Smarter Living: Shopping Wise
Reconsider the Lobster
Photo: Keven Law/Flickr
“Lobsters are basically giant sea-insects,” wrote David Foster Wallace in his Gourmet magazine essay “Consider the Lobster.” Holdouts from the Jurassic period, lobsters are “biologically so much older than mammalia,” Wallace points out, “they might as well be from another planet.”
After surviving this planet’s tumultuous geologic and climatic transformations over the past 150 million years, the American lobster, or Homarus americanus, now faces a host of modern environmental hazards—over-fishing, pollutants, and, increasingly, warmer sea temperatures—in parts of its habitat stretching from the coast of Newfoundland and Labrador in Canada down to North Carolina.
In the late 1990s, large numbers of lobsters began to die off in the waters between Buzzards Bay, Massachusetts and Long Island Sound. Lobster numbers continued to drop precipitously before reaching a plateau of near record lows around 2003 for the reference period of 1984 to 2003. “There was a lot of mystery around [the die-offs],” stated NRDC Senior Scientist Lisa Suatoni, but scientists speculate a combination of shell disease and warmer water temperatures might be to blame.
The inshore waters of southern New England have steadily warmed since 1999 alongside an increase in the numbers of days with water temperatures above 20° Celsius. According to a study by the Atlantic States Marine Fisheries Commission (ASMFC), prolonged exposure to waters warmer than 20° Celsius causes stress to respiratory and immune systems in lobsters, and leads to higher incidence of shell disease and acidosis (excessive amounts of acid in the blood). Scientists at Stony Brook University likewise found that higher temperatures have “profound deleterious effects on the physiology of lobsters” and suggest that warmer temperatures in the bottom layers of the Long Island Sound may in the long run render the area “inhospitable for lobster survival.”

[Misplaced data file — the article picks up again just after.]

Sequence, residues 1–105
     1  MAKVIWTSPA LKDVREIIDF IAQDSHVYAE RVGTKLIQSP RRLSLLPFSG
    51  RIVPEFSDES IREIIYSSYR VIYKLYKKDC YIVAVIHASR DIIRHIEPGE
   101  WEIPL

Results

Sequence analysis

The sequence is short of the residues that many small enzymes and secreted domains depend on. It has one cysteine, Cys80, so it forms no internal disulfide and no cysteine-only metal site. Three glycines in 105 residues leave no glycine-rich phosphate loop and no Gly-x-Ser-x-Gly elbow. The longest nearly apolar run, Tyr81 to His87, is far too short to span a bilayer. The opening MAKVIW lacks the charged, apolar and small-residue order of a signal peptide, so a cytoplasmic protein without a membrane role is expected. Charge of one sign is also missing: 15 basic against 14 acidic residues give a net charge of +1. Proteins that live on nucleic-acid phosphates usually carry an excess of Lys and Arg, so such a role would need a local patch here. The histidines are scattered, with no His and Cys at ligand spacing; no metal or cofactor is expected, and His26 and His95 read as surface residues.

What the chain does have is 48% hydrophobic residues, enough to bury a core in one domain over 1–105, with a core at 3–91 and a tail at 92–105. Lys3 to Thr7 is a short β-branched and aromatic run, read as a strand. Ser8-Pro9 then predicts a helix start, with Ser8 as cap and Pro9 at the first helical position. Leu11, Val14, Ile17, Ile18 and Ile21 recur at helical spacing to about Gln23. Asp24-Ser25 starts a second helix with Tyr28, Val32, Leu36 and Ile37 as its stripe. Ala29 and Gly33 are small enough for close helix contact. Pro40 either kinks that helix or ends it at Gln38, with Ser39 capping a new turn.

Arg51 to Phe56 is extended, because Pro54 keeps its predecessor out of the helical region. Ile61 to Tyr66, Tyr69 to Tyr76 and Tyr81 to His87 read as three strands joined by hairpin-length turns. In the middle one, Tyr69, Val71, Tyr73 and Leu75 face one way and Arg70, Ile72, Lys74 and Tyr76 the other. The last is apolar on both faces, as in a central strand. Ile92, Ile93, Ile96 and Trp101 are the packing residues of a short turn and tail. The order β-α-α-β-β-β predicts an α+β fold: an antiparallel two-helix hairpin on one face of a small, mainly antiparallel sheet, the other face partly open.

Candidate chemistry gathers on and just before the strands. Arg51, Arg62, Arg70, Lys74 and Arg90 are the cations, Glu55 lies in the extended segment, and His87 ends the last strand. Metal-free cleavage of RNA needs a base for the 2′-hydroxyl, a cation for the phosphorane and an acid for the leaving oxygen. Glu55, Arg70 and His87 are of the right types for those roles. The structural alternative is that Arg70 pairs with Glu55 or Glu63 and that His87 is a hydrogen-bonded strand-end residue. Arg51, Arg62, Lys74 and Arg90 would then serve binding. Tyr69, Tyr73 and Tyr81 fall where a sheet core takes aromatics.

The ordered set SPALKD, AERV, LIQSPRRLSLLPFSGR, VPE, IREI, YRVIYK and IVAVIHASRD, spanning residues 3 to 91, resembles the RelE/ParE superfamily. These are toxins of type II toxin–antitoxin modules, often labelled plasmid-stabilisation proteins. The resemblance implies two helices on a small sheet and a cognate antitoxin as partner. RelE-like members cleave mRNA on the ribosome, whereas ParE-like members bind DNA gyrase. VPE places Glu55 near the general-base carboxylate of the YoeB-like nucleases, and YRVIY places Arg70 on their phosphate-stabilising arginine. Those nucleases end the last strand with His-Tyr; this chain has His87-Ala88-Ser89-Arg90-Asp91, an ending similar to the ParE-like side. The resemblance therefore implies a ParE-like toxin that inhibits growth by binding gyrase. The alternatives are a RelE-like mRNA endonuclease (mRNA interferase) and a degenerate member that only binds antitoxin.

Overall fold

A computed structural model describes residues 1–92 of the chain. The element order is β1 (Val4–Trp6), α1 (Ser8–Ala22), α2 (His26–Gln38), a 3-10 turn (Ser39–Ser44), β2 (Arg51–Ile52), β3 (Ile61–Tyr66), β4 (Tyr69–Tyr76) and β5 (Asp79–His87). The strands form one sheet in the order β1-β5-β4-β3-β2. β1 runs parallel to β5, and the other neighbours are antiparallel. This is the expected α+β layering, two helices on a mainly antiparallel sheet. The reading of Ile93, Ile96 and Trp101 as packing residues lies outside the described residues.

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Indeed, lobsters—sensitive to even a 1ºC shift in temperature—are migrating away from warming waters in certain areas. In Massachusetts, lobsters appear to have left Buzzards Bay for the deeper and cooler waters just south in Vineyard Sound, a smaller area with a poorer oxygen supply and lower quality habitat. Here, lobsters congregate in higher numbers, leaving them more vulnerable to commercial fishing and forcing them to compete more vigorously for fewer resources. Egg clutches released by spawning females in these deeper waters may also be affected, as currents carry them away from areas where they traditionally settled into habitat less suitable for their survival.
While many scientists cite rising sea temperatures as a likely factor in lobster declines, warmer water may not be the only factor. Recent research from the University of Connecticut indicates that alkylphenol chemicals such as bisphenol-A leached from plastics and detergents into ocean waters, may increase lobsters’ susceptibility to shell disease. These chemicals, apparently ingested by lobsters from filter-feeding food sources like mollusks, may disrupt a lobster’s hormonal system and interfere with its development.
These chemicals may also cause lobsters to molt more slowly. During a molting stage, the shell of a lobster is thinner, leaving it more vulnerable to the bacteria that lead to shell disease. The symptoms of shell disease can range in severity, from shallow pits to ulcers that bore into a lobster’s shell, causing the shell to fuse to the membrane beneath. This advanced stage of the disease may prohibit a lobster from molting, which it must to do to grow and survive. In less severe cases, a lobster may molt prematurely to temporarily get rid of a diseased shell. And spawning female lobsters may be most at risk: while carrying eggs, these lobsters retain their shells for a lengthier period, allowing more time for bacteria to cause damage. Shell disease can weaken these females to the extent that they shed their shells before bringing their eggs to term.